The quota system that was the basis of the Multi-Fibre Arrangement (MFA), and which governed trade in textile and clothing (T&C) for the last four decades came to an end on 31 December 2004. The MFA artificially repressed the exports of competitive larger countries that had the capacity to supply T&C in large quantities like India and Pakistan in South Asia. At the same time, by providing a guaranteed market access, the MFA assisted several smaller countries in South Asia like Sri Lanka, Bangladesh, and Nepal to build up their export-oriented T&C sectors. The T&C sector gradually occupied a key position in these economies accounting for large foreign exchange earnings and generating a large number of jobs.

The dawn of 2005 brought trade in T&C fully into the normal discipline of the WTO. Most studies have shown that the new regime will bring global welfare gains, but it is believed that the gains will be unevenly spread — smaller countries in South Asia will face an uphill task to reap the gains while the larger countries will gain without much difficulty. This book shows the preparatory work done by the South Asian countries for the quota phase-out period and measures taken by them to face the global challenge. It also highlights the new issues in global trade in the context of maintaining competitiveness of T&C of the South Asian region.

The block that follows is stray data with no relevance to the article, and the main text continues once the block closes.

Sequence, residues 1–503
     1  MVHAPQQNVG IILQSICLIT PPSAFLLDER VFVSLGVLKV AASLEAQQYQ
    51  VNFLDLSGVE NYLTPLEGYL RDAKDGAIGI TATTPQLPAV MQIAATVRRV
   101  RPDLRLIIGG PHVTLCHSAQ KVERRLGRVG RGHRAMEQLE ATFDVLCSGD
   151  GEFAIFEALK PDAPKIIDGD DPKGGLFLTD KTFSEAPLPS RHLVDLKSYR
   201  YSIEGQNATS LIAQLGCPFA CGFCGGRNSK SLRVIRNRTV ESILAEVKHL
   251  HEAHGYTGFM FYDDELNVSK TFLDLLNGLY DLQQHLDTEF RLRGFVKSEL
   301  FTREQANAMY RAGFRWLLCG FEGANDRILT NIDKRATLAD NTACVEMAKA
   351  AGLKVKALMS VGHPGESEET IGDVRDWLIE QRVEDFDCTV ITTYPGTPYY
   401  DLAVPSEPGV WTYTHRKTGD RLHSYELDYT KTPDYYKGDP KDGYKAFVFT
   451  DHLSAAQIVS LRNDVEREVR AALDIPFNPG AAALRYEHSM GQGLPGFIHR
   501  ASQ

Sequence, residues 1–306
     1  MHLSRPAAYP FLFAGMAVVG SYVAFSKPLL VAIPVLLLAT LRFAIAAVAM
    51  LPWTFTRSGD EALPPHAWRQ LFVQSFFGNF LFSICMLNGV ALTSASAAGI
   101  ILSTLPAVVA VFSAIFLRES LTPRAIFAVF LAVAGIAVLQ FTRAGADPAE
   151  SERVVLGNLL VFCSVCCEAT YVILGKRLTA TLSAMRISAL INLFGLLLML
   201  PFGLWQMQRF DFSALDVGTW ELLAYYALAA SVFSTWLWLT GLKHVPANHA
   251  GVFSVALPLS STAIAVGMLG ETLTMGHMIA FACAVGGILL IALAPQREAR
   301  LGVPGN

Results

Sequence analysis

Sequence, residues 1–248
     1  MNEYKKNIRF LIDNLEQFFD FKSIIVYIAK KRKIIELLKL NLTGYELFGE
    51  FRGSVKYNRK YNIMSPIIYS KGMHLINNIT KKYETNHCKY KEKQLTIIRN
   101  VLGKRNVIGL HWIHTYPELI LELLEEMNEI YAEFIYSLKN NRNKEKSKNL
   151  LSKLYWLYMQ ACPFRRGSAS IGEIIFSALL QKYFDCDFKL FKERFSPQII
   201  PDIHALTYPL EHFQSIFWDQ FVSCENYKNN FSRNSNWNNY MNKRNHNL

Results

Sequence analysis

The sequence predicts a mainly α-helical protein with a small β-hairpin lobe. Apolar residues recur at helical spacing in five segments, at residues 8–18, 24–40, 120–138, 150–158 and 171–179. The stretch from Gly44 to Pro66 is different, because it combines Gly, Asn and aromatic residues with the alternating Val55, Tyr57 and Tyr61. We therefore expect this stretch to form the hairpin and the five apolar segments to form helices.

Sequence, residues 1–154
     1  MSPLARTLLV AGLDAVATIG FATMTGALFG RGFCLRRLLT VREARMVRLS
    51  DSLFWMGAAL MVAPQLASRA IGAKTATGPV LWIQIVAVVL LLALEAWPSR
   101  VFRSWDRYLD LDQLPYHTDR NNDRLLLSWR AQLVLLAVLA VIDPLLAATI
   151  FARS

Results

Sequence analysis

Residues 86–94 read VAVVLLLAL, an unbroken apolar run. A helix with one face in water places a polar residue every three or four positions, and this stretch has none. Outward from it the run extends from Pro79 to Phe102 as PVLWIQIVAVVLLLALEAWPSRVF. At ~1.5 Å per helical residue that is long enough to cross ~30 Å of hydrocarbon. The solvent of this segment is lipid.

The book consists of nine chapters which include five South Asian case studies (India, Pakistan, Sri Lanka, Bangladesh, and Nepal). It also covers new market access issues such as social protection, decent work, Generalized System of Preferences-Plus scheme, and many others. The material in the book will be of interest to policy makers, academia, and those actively engaged and working in the T&C industry.

Edited by Saman Kelegama